Vaccine Attitudes and COVID-19 Vaccine Intention Among Parents of Children With Kidney Disease or Primary Hypertension.Am J Kidney Dis. 2023 01; 81(1):25-35.e1.AJ
RATIONALE & OBJECTIVE
Children with kidney disease and primary hypertension may be more vulnerable to COVID-19. We examined COVID-19 vaccine hesitancy among parents of children with chronic kidney disease or hypertension.
Sequential explanatory mixed-methods design; survey followed by in-depth interviews.
SETTING & PARTICIPANTS
Parents of children aged <18 years with kidney disease or primary hypertension within a large pediatric practice.
Parental attitudes toward general childhood and influenza vaccines assessed by the Vaccine Hesitancy Scale. Kidney disease classification, demographic and socioeconomic factors, experiences with COVID-19, COVID-19 mitigation activities and self-efficacy, and sources of vaccine information.
Willingness to vaccinate child against COVID-19.
Analysis of variance (ANOVA) test to compare parental attitudes toward general childhood and influenza vaccination with attitudes toward COVID-19 vaccination. Multinomial logistic regression to assess predictors of willingness to vaccinate against COVID-19. Thematic analysis of interview data to characterize influences on parental attitudes.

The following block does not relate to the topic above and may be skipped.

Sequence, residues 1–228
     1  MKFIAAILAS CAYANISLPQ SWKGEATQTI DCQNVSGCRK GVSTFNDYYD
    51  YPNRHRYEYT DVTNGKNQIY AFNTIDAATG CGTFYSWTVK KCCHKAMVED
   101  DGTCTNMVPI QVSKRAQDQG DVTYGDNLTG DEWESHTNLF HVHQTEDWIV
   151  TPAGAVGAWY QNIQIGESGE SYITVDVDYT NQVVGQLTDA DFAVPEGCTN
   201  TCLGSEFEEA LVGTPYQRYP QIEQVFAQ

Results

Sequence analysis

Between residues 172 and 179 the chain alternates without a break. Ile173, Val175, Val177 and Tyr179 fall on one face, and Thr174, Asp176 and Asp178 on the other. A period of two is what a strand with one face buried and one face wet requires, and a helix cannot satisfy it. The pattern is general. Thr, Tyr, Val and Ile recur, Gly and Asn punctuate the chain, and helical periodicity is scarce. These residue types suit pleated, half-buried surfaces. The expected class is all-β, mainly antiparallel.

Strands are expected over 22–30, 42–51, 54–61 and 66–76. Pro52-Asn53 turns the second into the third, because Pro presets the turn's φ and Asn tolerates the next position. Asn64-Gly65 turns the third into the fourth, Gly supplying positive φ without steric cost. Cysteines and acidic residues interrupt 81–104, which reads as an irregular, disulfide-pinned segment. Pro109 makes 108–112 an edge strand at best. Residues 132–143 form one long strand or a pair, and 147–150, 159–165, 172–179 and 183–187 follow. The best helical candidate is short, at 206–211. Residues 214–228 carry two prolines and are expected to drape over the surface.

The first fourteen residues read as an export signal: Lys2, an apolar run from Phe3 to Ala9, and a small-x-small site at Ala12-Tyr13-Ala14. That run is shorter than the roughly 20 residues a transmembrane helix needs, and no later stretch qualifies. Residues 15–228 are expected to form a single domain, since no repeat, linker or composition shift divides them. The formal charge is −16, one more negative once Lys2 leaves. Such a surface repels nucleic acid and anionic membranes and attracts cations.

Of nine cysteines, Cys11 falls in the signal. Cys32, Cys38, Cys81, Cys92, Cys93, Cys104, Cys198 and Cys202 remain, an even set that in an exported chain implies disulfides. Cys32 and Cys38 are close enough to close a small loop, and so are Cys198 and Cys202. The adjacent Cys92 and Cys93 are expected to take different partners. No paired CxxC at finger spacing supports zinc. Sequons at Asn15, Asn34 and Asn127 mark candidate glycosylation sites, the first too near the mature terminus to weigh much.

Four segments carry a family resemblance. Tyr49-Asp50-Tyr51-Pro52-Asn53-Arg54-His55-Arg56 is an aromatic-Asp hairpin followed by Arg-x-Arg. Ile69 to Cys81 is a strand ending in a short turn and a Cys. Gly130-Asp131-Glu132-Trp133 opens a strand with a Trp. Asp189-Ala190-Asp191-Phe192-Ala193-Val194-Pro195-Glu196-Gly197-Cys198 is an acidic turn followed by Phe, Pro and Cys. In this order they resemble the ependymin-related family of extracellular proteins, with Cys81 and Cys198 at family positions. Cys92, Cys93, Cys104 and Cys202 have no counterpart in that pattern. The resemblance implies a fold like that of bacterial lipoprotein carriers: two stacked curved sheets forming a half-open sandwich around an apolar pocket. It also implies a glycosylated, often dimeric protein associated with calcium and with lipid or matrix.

Of the participants, 207 parents completed the survey (39% of approached): 75 (36%) were willing, 80 (39%) unsure, and 52 (25%) unwilling to vaccinate their child against COVID-19. Hesitancy toward general childhood and influenza vaccines was highest among the unwilling group (P < 0.001). More highly educated parents more likely to be willing to vaccinate their children, while Black race was associated with being more likely to be unwilling. Rushed COVID-19 vaccine development as well as fear of serious and unknown long-term side effects were themes that differed across the parental groups that were willing, unsure, or unwilling to vaccinate their children. Although doctors and health care teams are trusted sources of vaccine information, perceptions of benefit versus harm and experiences with doctors differed among these 3 groups. The need for additional information on COVID-19 vaccines was greatest among those unwilling or unsure about vaccinating.
Generalizability may be limited.
Two-thirds of parents of children with kidney disease or hypertension were unsure or unwilling to vaccinate their child against COVID-19. Higher hesitancy toward routine childhood and influenza vaccination was associated with hesitancy toward COVID-19 vaccines. Enhanced communication of vaccine information relevant to kidney patients in an accessible manner should be examined as a means to reduce vaccine hesitancy.
Children with kidney disease or hypertension may do worse with COVID-19. As there are now effective vaccines to protect children from COVID-19, we wanted to find out what parents think about COVID-19 vaccines and what influences their attitudes. We surveyed and then interviewed parents of children who had received a kidney transplant, were receiving maintenance dialysis, had chronic kidney disease, or had hypertension. We found that two-thirds of parents were hesitant to vaccinate their children. Their reasons varied, but the key issues included the need for information pertinent to their child and a consistent message from doctors and other health care providers. These findings may inform an effective vaccine campaign to protect children with kidney disease and hypertension.